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EDMONTON — Hundreds of teen talents come out of the stands at each NHL draft, but for four players in Saturday’s game between the Oilers and Maple Leafs, there was no waiting.
Connor McDavid, John Tavares, Auston Matthews and Ryan Nugent-Hopkins blazed the trail to the stage in their respective years and thus have a kind of unspoken bond about shared experiences.
“I’m not sure we have a bond, but every year the top two, three, four heavily scrutinized guys go through that,” Matthews said. “They’re watched closely by scouts and everything. There’s a lot of pressure that comes with it.
“I’d say Connor probably got it a lot more than others with, obviously, who he is as a player and how good he was since he was a young kid. Maybe we all went through similar things in our draft year. John and I had some funny stories here and there, though he was in junior and I was in Switzerland.”
Indeed, the decision to play his draft year overseas was a benefit to Matthews, who had already been under the radar with the U.S. National Development program and then was able to advance his game against men in Zurich. His puck control and shot were a revelation when he came to the NHL.
McDavid was followed right from his days with the York-Simcoe Express and then the Toronto Marlboros of the GTHL. In 2011–12, his 209 points in 88 games as a minor midget made him GTHL player of the year and he was granted Exceptional Player status by Hockey Canada to be drafted in 2012 by Erie of the OHL, the third following Tavares and Aaron Ekblad.
Though he’d likely hoped for the Leafs to win the lottery in his draft year, he brought his tremendous skating and offensive talents to an Oilers team that was opening a new arena and longed for an heir to Wayne Gretzky.
That has made the spotlight harsher on McDavid, despite his Hart Trophy in 2017 and being voted winner of the Ted Lindsay Award by his peers twice. He goes into Saturday’s game as the league’s top scorer with 57 points, just ahead of teammate Leon Draisaitl.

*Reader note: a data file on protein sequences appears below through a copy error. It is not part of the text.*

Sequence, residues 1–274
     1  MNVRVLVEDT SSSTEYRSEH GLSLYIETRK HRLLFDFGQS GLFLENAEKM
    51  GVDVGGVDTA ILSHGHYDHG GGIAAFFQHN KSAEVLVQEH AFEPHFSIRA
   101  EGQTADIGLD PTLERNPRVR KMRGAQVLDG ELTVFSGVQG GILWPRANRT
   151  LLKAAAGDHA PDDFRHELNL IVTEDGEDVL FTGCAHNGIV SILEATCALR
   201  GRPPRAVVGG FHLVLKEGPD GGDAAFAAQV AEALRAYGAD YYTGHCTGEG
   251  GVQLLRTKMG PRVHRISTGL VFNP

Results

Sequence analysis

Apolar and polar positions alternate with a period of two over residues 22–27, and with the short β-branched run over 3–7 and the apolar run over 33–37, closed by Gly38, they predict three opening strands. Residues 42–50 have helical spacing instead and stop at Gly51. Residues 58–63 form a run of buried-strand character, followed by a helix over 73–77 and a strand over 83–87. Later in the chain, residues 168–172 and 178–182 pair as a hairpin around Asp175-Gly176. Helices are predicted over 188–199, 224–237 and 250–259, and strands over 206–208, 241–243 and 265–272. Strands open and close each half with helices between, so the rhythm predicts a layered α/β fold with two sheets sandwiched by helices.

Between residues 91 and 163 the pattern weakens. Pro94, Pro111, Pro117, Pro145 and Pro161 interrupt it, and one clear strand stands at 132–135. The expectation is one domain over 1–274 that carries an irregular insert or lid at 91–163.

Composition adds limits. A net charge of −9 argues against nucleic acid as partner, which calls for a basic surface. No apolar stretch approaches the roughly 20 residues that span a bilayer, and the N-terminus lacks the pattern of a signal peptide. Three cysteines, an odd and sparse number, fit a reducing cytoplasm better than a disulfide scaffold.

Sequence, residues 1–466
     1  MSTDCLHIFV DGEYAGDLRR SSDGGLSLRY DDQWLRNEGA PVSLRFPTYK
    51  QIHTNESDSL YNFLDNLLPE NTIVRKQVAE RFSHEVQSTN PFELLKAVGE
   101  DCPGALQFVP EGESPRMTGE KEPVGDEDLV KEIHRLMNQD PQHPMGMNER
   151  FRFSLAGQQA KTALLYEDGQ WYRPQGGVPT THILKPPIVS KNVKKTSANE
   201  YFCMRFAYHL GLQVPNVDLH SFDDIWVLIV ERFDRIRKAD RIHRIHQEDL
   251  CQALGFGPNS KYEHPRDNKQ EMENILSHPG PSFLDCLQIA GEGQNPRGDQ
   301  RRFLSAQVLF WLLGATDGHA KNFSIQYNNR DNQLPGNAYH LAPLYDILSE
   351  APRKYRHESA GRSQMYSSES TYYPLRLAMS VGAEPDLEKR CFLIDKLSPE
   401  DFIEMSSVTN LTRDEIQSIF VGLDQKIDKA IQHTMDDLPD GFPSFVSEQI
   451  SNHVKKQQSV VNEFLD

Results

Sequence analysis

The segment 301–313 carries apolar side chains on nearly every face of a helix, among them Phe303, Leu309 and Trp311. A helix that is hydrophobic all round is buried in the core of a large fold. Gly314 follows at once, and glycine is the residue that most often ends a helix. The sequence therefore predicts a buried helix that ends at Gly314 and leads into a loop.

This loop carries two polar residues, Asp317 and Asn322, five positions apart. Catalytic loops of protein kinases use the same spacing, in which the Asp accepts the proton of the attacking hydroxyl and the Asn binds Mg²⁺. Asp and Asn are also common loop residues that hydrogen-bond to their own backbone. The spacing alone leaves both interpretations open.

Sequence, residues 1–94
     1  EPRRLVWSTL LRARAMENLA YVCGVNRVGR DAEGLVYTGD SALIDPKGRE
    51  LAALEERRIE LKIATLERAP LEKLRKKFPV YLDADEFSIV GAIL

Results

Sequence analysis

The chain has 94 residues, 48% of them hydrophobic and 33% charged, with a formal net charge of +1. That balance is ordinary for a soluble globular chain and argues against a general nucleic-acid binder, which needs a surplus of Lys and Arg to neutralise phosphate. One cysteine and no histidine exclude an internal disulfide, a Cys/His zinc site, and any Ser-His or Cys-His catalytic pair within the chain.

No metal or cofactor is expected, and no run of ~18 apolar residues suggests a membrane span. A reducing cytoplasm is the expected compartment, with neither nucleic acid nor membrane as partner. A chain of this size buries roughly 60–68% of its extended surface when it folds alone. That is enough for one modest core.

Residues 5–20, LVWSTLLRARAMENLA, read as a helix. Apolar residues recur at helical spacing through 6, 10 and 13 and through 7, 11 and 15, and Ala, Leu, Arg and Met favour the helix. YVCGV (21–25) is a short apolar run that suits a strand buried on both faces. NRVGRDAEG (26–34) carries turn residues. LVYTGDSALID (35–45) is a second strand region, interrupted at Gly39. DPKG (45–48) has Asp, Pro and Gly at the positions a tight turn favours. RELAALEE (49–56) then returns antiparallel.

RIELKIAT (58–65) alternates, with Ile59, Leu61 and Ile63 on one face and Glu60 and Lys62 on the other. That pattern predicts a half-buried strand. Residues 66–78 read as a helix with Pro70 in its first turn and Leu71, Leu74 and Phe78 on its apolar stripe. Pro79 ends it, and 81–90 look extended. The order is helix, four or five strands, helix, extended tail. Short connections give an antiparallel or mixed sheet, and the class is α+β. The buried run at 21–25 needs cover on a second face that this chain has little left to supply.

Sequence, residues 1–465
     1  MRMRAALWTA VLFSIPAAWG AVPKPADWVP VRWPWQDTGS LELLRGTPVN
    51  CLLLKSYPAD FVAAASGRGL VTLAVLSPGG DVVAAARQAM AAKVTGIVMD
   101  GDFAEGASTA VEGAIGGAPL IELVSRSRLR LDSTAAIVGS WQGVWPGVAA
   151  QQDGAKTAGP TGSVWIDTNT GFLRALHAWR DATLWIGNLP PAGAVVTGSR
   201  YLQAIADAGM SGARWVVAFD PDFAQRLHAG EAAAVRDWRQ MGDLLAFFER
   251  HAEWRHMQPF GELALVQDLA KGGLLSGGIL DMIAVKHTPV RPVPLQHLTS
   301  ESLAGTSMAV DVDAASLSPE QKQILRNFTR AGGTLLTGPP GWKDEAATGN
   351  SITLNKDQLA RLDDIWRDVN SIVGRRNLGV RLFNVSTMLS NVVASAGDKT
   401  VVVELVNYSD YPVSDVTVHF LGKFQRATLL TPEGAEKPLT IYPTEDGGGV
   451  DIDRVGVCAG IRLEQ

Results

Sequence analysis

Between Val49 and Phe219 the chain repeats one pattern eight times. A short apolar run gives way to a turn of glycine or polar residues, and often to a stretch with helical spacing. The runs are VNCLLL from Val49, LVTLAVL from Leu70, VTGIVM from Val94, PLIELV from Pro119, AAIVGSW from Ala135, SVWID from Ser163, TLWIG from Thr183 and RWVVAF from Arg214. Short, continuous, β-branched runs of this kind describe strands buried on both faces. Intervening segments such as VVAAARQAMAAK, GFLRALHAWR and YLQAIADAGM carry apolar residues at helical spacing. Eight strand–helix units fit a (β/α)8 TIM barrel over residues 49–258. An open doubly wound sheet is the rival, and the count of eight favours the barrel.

Comparisons to Matthews, separated by barely a year in age, and the two being young faces in Canadian hockey hotbeds should spice up the game. “Maybe some of that,” McDavid said of their comparable markets. “Mats has gone through a lot of different stuff (including unwelcome attention regarding a brush with the law last summer in Scottsdale, Ariz.), and he’s handled the media really well.
“I know him a little bit, because we have the same agency and through all-star games and stuff like that.”
The Leaf whom McDavid will likely see the most on Saturday is Tavares, who often is matched up against the opposition’s top centre at home and on the road now that Nazem Kadri was traded to Colorado.
“Tavares is a big, strong guy, Kadri a little bit more aggressive physically,” McDavid said. “Tavares can score, so he poses that challenge in your end so you have to find a way to shut him down.”
Other than when the Devils play Edmonton with their three No. 1 overalls Taylor Hall (2010), Nico Hischier (2017) and Jack Hughes (2019), Toronto and Edmonton have the oldest members of that exclusive club.
It’s now been more than a decade since Tavares made the walk from his seat at the Bell Centre in Montreal to lead off the draft.
“We don’t think about that a whole lot, but it was a great honour to be in that position,” Tavares said. “You look at the list of players and it’s just incredible. You have a lot of belief from a franchise and you try to make the most of it.”
Four first overall picks in Saturday’s Toronto-Edmonton game:
John Tavares, ’09
Hometown: Oakville, Ont.
777 GP, 332-402-734
Ryan Nugent-Hopkins, ’11
Hometown: Burnaby, B.C.
567 GP, 153-247-400
Connor McDavid, ’15
Hometown: Richmond Hill, Ont.
321 GP, 148-281-429
Auston Matthews, ’16
Hometown: Scottsdale, Ariz.
245 GP, 130-109-239
Copyright Postmedia Network Inc., 2019